In *Birational Geometry of Algebraic Varieties*, Kollar and Mori write that for a line bundle "being big is essentially the birational version of being ample" (page 67). Recall that a line bundle $L$ on a projective variety $X$ of dimension $d$ is *big* if

$$ \limsup_{n \to \infty } \dfrac{H^0(X,L^n)}{n^d} \neq 0.$$

In other words, the rate of growth of the spaces of global sections is as big as possible. Big line bundles tend to exhibit behavior analogous to ample line bundles. I will give a couple of examples. In what follows, let $X$ be a variety over the complex numbers and let $L$ be a line bundle on $X$.

- Suppose $X$ is normal. If $L$ is ample, some power of $L$ defines an embedding in a projective space. Analogously, if $L$ is big, some power of $L$ defines a map

$$ \varphi_m: X \dashrightarrow H^0(X,L^m)$$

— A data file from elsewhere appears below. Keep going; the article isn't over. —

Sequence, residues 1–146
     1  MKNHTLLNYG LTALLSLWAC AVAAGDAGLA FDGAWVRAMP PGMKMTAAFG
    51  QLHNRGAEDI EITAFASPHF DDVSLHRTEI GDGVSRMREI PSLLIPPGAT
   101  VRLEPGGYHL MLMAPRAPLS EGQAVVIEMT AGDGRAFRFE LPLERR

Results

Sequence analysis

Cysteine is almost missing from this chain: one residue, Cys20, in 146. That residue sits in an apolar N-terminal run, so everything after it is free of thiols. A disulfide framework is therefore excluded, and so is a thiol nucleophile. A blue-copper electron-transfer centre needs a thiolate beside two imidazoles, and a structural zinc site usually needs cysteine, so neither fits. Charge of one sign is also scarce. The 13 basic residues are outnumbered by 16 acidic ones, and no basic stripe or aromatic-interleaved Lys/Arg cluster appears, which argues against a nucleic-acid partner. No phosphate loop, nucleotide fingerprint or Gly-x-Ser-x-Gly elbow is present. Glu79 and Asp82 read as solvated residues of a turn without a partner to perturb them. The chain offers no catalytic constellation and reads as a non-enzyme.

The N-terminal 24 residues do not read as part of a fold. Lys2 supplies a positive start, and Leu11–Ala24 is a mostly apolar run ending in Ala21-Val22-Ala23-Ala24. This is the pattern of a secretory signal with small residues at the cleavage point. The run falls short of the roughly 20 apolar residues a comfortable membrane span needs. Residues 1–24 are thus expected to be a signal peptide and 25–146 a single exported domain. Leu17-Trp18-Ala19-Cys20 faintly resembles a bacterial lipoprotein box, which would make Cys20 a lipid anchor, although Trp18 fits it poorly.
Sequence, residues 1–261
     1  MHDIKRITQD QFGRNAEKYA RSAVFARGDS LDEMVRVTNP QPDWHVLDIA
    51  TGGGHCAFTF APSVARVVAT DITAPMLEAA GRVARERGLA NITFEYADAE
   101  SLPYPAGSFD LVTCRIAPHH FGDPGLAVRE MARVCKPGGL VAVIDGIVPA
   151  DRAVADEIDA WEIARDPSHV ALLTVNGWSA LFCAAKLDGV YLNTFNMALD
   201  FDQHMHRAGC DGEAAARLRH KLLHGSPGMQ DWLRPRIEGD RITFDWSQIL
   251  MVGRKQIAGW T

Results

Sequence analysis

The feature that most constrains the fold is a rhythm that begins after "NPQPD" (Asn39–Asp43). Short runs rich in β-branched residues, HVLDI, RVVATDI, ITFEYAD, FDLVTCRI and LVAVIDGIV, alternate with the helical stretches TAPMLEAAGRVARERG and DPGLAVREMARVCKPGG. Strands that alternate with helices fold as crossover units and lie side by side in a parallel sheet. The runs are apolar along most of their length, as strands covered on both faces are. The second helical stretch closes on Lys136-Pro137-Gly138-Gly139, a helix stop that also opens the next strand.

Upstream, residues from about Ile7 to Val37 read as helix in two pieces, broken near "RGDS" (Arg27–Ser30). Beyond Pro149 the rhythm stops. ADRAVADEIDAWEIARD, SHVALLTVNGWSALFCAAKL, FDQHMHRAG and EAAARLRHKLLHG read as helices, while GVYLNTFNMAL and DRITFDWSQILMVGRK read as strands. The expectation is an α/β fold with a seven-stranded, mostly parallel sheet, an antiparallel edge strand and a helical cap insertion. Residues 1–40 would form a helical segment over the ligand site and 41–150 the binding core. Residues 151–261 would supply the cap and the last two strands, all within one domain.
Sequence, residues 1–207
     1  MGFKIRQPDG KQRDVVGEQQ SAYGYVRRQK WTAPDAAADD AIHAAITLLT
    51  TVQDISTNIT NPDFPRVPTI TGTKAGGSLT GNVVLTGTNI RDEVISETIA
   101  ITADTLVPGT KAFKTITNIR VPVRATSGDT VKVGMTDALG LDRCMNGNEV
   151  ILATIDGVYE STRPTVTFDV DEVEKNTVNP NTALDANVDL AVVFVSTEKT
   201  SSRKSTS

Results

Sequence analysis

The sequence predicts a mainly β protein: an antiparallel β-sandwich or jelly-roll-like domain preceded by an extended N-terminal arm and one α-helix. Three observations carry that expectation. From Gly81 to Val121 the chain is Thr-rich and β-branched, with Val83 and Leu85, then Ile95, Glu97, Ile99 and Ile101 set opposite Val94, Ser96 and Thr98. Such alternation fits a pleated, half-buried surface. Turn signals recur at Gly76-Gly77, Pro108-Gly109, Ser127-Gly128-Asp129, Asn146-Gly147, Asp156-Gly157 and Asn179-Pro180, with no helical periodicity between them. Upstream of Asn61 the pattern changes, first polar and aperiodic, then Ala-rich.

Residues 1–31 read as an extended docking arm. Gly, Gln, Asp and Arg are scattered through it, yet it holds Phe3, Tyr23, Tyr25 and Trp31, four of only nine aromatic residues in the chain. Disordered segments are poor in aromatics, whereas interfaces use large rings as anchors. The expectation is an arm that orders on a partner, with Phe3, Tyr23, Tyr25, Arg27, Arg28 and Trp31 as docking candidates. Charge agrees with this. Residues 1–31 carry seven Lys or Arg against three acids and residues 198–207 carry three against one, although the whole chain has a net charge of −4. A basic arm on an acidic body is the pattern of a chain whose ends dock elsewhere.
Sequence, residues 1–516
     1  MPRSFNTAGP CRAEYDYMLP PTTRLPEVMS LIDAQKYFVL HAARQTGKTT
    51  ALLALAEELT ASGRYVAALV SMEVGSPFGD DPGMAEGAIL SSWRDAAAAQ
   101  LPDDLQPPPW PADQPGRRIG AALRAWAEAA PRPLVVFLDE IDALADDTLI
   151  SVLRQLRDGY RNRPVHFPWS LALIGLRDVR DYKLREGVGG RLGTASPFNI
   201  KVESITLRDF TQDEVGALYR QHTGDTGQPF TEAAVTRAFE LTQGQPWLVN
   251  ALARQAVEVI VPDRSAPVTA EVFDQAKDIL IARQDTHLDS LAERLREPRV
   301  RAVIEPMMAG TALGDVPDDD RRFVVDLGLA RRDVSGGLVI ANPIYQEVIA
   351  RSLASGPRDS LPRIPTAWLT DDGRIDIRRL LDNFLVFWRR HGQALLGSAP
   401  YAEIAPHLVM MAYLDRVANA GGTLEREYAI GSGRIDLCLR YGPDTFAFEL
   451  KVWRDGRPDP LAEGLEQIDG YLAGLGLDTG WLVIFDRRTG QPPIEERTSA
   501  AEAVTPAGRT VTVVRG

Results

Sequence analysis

that is birational onto its image (*Positivity in Algebraic Geometry I*, page 139).

- If $L$ is ample, some power of $L$ is globally generated. On the other hand, if $L$ is big, some positive power of $L$ is generically globally generated; that is, the natural map

$$ H^0(X,L^m) \otimes \mathcal{O}_{X} \rightarrow L^m$$

is generically surjective (*Positivity in Algebraic Geometry I*, page 141).

Now, to get to my question, recall that if $L$ is ample, there exists a natural number $m$ such that the multiplication maps

$$ H^0(X,L^a) \otimes H^0(X,L^b) \rightarrow H^0(X,L^{a+b}) $$

are surjective for $a,b \geq m$ (*Positivity in Algebraic Geometry I*, page 32).

**Question**: Do big line bundles have a property analogous to the surjectivity of multiplications maps?

It is not clear to me what this property should be, but I would hope that these multiplication maps have eventually high rank in some suitable sense.